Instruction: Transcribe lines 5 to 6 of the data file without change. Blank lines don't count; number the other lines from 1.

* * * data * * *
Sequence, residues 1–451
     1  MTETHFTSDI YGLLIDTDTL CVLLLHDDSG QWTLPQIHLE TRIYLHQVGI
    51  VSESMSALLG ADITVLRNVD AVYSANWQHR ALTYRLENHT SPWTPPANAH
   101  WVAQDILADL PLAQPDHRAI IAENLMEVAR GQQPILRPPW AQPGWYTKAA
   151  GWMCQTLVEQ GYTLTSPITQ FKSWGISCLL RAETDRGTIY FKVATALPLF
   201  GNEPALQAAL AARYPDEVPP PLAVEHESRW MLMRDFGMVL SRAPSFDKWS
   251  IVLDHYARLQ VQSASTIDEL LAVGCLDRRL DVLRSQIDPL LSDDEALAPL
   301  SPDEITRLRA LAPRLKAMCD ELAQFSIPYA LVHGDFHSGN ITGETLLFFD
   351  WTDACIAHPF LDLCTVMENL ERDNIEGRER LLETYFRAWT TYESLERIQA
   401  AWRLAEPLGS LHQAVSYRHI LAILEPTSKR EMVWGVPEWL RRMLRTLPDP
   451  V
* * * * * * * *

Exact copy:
   151  GWMCQTLVEQ GYTLTSPITQ FKSWGISCLL RAETDRGTIY FKVATALPLF
   201  GNEPALQAAL AARYPDEVPP PLAVEHESRW MLMRDFGMVL SRAPSFDKWS